Now is the time of year when families make summer plans to visit relatives, to have family reunions, and to celebrate family. Family reunions serve to keep the ties strong among the extended family members. We need this, our children need this. This is our tribe, our people. However, while most people are looking forward to the reunions, some parents are troubled regarding certain aspects of the trip or are reluctant to reconnect with particular people.
One’s reluctance to reunite might be due to a few unpleasant relatives scattered among the family group. Just like work and school, we cannot like everyone, nor will everyone like us. Plan to attend, but allow good manners and civil behavior rule the experience. Avoid known hot-button topics and dodge confrontational discussions with difficult people. Enjoy the fact that a family has room for many different types of people and that your children are able to learn love and tolerance by observing you in action.
But when don’t you go? A parent does not expose her child to a relative who has been convicted of sexual abuse. But what if that parent has only heard whispers, rumors, or has a gut feeling regarding a family member? That parent should err on the side of caution. The same goes for physical abuse or just plain verbal abuse. Some of these people have gotten away with inflicting pain and creating mayhem for a long time because they are master manipulators. Remember, no relative has “the right” to be around a child. If you are this parent, practice saying, “No, we won’t visit this year,” or “No, it’s not a good time to visit us.” If you try to explain, this person will simply argue and influence others to argue for him. You are the barrier between your child and the rest of the world, so stand firm in what you believe is best.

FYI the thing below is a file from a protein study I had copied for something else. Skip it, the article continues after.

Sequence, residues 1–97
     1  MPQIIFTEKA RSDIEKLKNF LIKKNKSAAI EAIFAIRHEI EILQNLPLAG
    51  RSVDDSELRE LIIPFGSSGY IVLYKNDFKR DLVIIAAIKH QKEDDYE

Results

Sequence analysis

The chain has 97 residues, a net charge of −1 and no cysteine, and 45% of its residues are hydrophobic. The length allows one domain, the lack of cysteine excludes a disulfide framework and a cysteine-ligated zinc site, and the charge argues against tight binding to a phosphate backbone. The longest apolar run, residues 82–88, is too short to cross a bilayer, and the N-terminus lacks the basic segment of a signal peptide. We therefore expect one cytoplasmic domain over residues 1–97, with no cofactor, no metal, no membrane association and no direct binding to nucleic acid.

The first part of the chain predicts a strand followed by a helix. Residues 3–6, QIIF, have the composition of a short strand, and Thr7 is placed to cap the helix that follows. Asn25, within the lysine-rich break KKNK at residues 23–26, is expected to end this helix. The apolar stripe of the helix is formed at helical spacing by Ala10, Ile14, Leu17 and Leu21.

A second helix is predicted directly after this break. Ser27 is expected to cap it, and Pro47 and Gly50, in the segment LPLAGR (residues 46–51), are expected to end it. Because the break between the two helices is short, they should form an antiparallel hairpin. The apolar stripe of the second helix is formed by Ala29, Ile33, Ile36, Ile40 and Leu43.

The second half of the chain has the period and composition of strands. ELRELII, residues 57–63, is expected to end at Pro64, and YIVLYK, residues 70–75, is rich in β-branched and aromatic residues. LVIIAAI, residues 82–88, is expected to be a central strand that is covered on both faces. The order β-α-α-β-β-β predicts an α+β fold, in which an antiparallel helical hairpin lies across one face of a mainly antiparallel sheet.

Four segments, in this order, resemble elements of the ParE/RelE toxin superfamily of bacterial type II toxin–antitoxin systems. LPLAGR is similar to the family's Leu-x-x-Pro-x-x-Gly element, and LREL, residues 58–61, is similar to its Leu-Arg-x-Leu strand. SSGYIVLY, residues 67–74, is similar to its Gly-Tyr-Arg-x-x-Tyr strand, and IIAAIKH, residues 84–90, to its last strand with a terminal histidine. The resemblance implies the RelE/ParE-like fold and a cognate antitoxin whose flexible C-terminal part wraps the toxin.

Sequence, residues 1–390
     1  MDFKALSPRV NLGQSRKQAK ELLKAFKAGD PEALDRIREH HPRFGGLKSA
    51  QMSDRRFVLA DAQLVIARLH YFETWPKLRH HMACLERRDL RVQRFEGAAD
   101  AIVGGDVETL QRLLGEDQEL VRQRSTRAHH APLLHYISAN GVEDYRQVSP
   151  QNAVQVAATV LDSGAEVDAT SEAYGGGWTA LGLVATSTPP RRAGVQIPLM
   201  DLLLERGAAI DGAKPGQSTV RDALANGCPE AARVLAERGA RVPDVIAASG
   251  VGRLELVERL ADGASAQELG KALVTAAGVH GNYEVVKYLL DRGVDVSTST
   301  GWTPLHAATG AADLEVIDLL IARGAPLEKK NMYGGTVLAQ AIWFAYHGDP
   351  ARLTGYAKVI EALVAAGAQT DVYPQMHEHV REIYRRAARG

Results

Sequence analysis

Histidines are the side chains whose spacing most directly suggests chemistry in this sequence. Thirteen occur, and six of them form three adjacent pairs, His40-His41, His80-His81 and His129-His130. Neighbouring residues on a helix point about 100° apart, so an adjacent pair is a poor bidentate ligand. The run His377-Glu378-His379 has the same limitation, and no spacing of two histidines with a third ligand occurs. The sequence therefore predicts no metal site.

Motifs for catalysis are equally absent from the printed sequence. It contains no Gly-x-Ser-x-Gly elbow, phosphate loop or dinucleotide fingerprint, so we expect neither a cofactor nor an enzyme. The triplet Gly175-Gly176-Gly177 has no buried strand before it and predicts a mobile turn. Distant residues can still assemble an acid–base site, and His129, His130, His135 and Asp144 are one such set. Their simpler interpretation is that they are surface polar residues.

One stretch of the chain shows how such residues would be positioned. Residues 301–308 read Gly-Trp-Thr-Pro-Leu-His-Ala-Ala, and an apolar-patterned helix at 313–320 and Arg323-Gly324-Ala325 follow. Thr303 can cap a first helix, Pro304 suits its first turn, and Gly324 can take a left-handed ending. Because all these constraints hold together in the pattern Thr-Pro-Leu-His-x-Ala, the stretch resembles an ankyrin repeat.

It may be that the reuniting family members are all perfect but the situation is wrong. Often times the burden of travel falls on the young family. There are long car drives or endless waits at the airports and cramped economy seating on the plane. For an extended family, reunion activities may be planned for older children but are not safe or age appropriate for the very little ones. Sometimes relatives forget the importance of school attendance and schedule reunions when classes are in session. And there can be a burdensome expense involved, one that would cause unnecessary debt.
Think through what you want and what your family needs from this or any reunion. Examine your misgivings. If this one event or this time isn’t suitable for your nuclear family, are their other ways to achieve the same goals? Could family come to you? Could you skip this reunion and save up cash for the next one? Or do you need to wait until your children are more travel-ready. Or, with a just a bit of forethought and planning, this year may be the best reunion yet.
Evelyn Satterlee, M.Ed.